Abstract: Crenosoma vulpis and Eucoleus aerophilus are 2 important lung nematodes of wild and domestic carnivores. A recent report underscored the severity of bronchial gland hyperplasia and bronchiolar metaplasia in parasitized foxes. The objective of this study was to quantify the degree of bronchial gland hyperplasia and bronchiolar metaplasia in foxes naturally infected with C. vulpis and E. aerophilus. Fifty-one trapped wild foxes and 12 farmed foxes were necropsied and 6 lung sites were processed for histopathological examination. The degree of bronchial gland hyperplasia was evaluated using the Reid index (bronchial gland to bronchial wall ratio) and the severity of goblet cell metaplasia was determined by morphometric analyses. None of the farmed foxes had microscopic evidence of nematodes in the lung, whereas evidence of C. vulpis and E. aerophilus was detected in 66.6% (34/51) and 49% (25/51), respectively, of the wild foxes. Lungworms caused a significant increase in the Reid index with 2-fold increase in the size of bronchial glands. Bronchiolar goblet cell metaplasia was present in 60.7% (31/51) of foxes harboring C. vulpis and in 23.5% (12/51) of those with E. aerophilus. The odds ratio for bronchiolar goblet cell metaplasia was 16.0 (p<0.001) for C. vulpis and 9.0 (p<0.001) for E. aerophilus. It was concluded that the severity of airway inflammation and bronchiolar obstruction in foxes parasitized with C. vulpis and E. aerophilus is similar to that reported in humans with chronic obstructive pulmonary disease. The clinical significance of airway changes in apparently healthy wild foxes needs to be investigated.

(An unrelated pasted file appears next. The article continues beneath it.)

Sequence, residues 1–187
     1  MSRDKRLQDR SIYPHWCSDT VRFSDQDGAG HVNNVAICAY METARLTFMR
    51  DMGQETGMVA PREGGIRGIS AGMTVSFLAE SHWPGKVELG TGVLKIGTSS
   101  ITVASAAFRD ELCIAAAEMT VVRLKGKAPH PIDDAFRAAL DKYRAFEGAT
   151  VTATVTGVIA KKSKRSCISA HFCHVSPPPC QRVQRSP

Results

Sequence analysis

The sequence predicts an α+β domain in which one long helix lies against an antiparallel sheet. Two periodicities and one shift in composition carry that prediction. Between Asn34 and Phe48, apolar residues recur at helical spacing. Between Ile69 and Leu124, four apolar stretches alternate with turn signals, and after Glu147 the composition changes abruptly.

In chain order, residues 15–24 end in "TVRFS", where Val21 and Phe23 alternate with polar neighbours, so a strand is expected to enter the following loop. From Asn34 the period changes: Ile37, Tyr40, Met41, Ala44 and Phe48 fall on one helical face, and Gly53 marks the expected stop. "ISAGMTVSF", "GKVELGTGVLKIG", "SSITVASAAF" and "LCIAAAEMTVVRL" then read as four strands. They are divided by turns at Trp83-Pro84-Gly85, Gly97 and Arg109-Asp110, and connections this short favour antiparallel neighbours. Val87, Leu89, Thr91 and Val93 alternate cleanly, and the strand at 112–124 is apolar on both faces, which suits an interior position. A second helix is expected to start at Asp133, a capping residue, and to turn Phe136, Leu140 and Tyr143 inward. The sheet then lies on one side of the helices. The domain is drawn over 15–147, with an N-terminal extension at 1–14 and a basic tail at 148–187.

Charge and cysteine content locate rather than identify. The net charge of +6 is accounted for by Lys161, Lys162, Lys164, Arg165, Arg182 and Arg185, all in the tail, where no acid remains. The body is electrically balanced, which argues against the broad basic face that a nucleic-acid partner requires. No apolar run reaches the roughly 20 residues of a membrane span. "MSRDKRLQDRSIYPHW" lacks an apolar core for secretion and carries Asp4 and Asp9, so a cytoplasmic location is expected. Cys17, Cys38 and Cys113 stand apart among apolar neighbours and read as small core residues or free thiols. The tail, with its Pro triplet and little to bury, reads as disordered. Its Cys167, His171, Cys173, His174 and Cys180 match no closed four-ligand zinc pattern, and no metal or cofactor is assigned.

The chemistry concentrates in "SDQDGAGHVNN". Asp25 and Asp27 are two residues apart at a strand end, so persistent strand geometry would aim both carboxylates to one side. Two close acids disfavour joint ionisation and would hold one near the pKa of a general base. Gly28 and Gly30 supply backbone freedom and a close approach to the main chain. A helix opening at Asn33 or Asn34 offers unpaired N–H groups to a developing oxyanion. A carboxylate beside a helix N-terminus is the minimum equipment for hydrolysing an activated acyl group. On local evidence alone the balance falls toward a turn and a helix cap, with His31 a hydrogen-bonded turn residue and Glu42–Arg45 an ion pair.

Alicia M. Nevarez-Garza , Alfonso Lopez , Gary Conboy and William Ireland , 2008. Hyperplastic and Metaplastic Changes in the Bronchi and Bronchioles of Red Foxes (Vulpes vulpes) Naturally Infected with Crenosoma vulpis and Eucoleus aerophilus. Journal of Animal and Veterinary Advances, 7: 1252-1256.